there seems to be a cutoff frequency, depending on the signal strength, below which the additional noise has no effect. The influence of a broadband stimulus is more noticeable for slow switching; for faster switching, the periodicity is less prominent in the first place. In particular for the susceptibility with fast switching, the periodicity is hardly visible and there are no qualitative differences between the different noise intensities, except for the better statistics that a stronger signal brings along. VI. CONCLUDING REMARKS

We have studied leaky integrate-and-fire neurons driven by an asymmetric dichotomous noise. For this particular kind of colored noise, we were able to derive exact expressions for the spontaneous power spectrum and the susceptibility to an additive signal. We have verified our expressions by comparison to numerical simulations. A prominent difference to the classical results for LIF neurons driven by Gaussian white noise [9,10,17] is the periodic structure that both the power spectrum and the susceptibility exhibit at high frequencies. For the power

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spectrum, we have explained how this structure arises through delta peaks in the spike-triggered rate. These stem from the fact that there is a finite probability that an ISI has a certain length (the deterministic time from reset to threshold in the plus state). They are thus a manifestation of the discrete nature of the dichotomous noise. As we have shown, this periodic structure of the spectrum is independent of the chosen neuron model. The susceptibility shows a similar periodic structure. However, here, we lack an intuitive explanation like we found for the power spectrum. Other differences between the DMP-driven and the Gaussian white noise case can be traced to the fact that the noise is colored: In contrast to LIF neurons driven by Gaussian white noise, for which the susceptibility decays to zero at a finite phase lag for increasing frequency [9,10], here it oscillates around a finite value at zero phase lag. This indicates that the system can respond to arbitrarily fast signals, a feature that has also been observed for LIF neurons driven by exponentially correlated Gaussian noise [9] (for an in-depth discussion for more general IF models, see Ref. [13]). Especially when the noise switching is slow, the spectral measures are dominated by the periodic structure. By numerical simulations we demonstrated that this feature is robust in a certain sense against small additional fluctuations. Although a very weak broadband Gaussian stimulus leads to a nonpathological behavior of the spectral measures, oscillatory features are still present in a wide frequency band. Specifically, although the power spectrum of the spike train becomes flat and the susceptibility decays in the limit f → ∞, both functions still oscillate up to considerably high frequency. Remarkably, the effective cutoff frequency is set by the noise level. Our results are applicable to situations where nerve cells are stimulated with a two-state input, such as a stimulus originating in a bursting neuron or input from a population of neurons that undergo up/down transitions. A further, nonobvious application is the shot-noise limit of the Markovian dichotomous noise, which allows us to obtain expressions for an LIF neurons driven by white, excitatory Poisson input (a special case of the setup treated in Ref. [11]). This will be pursued elsewhere. ACKNOWLEDGMENTS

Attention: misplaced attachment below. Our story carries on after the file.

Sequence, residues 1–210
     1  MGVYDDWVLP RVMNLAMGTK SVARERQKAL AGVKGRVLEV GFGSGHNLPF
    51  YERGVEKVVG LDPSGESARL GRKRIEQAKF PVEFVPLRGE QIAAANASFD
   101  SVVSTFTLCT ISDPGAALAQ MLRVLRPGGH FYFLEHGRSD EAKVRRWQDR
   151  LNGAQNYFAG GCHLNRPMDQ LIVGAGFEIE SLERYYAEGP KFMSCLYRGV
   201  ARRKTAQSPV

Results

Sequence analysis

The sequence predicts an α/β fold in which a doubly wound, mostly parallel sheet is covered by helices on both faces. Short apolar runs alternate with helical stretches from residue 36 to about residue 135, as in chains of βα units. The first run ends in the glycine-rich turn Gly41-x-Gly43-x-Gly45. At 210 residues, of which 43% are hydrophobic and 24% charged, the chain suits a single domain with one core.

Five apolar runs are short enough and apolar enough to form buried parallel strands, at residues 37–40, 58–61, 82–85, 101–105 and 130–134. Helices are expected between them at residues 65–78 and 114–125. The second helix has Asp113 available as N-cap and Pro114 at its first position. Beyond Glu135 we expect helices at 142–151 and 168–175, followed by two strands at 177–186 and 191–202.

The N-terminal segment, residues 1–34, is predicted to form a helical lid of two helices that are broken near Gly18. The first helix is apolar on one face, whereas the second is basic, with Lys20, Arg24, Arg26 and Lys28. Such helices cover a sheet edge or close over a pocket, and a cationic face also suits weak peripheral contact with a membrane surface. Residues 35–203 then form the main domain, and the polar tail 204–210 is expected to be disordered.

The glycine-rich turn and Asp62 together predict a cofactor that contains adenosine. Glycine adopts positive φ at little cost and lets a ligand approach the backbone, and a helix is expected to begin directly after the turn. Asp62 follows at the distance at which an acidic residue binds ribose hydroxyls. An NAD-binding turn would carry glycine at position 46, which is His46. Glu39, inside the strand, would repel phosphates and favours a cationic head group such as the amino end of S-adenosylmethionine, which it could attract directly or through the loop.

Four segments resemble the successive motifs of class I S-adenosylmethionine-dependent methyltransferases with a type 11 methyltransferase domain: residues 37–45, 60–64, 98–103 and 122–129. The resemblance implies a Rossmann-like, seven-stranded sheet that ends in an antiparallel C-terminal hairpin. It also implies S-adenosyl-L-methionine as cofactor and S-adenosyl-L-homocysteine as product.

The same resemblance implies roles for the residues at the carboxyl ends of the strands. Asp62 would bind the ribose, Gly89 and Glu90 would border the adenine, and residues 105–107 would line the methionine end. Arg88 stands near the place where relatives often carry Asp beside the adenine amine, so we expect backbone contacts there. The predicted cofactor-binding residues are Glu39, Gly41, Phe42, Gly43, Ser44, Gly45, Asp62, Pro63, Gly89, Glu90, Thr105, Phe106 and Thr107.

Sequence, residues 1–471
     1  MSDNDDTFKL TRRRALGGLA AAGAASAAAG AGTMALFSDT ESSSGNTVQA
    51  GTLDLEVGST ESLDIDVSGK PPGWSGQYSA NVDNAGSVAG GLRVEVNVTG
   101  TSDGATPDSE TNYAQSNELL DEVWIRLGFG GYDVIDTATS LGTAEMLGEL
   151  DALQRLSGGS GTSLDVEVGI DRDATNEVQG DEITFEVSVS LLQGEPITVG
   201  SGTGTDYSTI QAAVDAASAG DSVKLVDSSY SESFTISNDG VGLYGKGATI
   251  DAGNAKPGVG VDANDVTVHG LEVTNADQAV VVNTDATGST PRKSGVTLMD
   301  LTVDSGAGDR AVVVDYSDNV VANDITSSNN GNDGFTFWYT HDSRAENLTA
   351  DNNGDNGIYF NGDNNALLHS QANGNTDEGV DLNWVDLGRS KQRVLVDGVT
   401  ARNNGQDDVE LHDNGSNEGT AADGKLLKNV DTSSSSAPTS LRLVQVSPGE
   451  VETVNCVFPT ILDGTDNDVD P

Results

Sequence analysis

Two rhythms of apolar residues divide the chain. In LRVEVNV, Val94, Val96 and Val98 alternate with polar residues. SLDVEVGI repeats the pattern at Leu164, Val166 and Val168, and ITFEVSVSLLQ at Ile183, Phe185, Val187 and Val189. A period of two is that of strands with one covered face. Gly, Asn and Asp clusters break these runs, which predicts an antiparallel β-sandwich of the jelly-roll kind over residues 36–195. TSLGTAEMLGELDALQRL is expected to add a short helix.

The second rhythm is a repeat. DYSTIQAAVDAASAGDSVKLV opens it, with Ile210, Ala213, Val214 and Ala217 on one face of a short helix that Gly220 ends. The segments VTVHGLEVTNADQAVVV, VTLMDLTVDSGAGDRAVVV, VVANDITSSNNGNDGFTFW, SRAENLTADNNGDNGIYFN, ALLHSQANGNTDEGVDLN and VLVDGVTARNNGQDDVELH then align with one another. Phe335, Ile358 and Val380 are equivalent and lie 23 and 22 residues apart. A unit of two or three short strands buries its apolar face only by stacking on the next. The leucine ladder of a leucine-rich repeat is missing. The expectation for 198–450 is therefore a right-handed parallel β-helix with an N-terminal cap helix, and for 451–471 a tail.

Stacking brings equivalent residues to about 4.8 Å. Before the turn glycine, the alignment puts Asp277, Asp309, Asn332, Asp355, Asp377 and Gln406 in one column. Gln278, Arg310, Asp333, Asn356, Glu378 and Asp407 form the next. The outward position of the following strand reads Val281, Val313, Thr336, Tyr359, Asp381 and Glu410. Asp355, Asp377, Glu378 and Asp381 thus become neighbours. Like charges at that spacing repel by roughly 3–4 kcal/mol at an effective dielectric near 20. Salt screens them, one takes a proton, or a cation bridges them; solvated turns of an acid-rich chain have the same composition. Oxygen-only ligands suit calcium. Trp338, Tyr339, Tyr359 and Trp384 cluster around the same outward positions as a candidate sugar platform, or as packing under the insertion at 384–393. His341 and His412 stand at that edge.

This work was funded by the Bundesministerium f¨ur Bildung und Forschung (FKZ:01GQ1001A), the Deutsche Forschungsgemeinschaft research training group GRK1589/1, and a Deutsche Forschungsgemeinschaft research grant (LI 1046/2-1). APPENDIX A

Around z = 0 (i.e., the stable fixed point of the minus dynamics, where v = μ − σ ), linearly independent solutions to the hypergeometric equation [the homogeneous part of Eq. (13)] are given by J 1 (z) = 2 F1 (iω,1 − k+ − k− + iω,1 − k− + iω,z), (A1) J 2 (z) = zk− −iω 2 F1 (k− ,1 − k+ ; 1 + k− − iω; z),

(A2)

where ω = 2πf and 2 F1 (a,b; c,z) is the hypergeometric function [33]. In the following, we solve the inhomogeneous ODE (z), J  (z) + p(z)J  (z) + q(z)J (z) = where

(A3)



 2π if + (z) p(z) + 1−z    2π if − (z) + + (z) + − (z) . + p(z) − z

(z) = 2σ

(A4) ± (u) are given by Eqs. (17) and (18). However, in the The following we are only going to use the fact that they vanish outside of the interval [min(0,zR ),zT ]. Given the two linearly independent solutions to the homogeneous ODE, a particular solution to Eq. (A3) is known [32]:  zc J (u)J 1 (z) − J 1 (u)J 2 (z) (u) 2 , (A5) du J p (z) = W (u) z where W (z) is the Wronskian, W (z) = J 1 (z)J 2 (z) − J 1 (z)J 2 (z),

(A6)

and the upper integration limit zc can still be freely chosen. The general solution is then given by J (z) = c1 J 1 (z) + c2 J 2 (z) + J p (z).

(A7)

In order to fix the integration constants in Eq. (A7), one needs to distinguish two possible parameter regimes: If μ − σ < vR , corresponding to zR > 0, the fixed point in the minus dynamics, v = μ − σ (corresponding to the singular point at z = 0 in the hypergeometric differential equation), lies on the lower boundary (no trajectories can move to more negative values). In contrast, for μ − σ > vR , corresponding to zR < 0, it lies within the interval of interest. In the first case, the integration constants in Eq. (A7) can be fixed over the whole interval [0,zT ] by imposing the boundary conditions at the threshold, J (zT+ ) = 0 and ± (z > zT ) = 0, both can be fulfilled J  (zT+ ) = 0. Because by setting c1 = c2 = 0 and zc = ∞ (equivalent to zc = zT+ , as the integrand vanishes for all z > zT ). Thus, for zR > 0, one has  ∞ J (u)J 1 (z) − J 1 (u)J 2 (z) (u) 2 J (z) = du . (A8) W (u) z At z = 0, the lower boundary of the possible dynamics, the flux needs to vanish, leading to the condition  ∞ J (u)J 1 (0) − J 1 (u)J 2 (0) (u) 2 du 0= W (u) 0  ∞ J (u) (u) 2 , = (A9) du W (u) −∞ where we have extended the interval of integration from [0,∞] to [−∞,∞] (the integrand vanishes for z < 0) and used the fact that J 1 (0) = 1,J 2 (0) = 0 [33]. In the second case, zR < 0, the fixed point in the minus dynamics lies within the interval in which we want to obtain a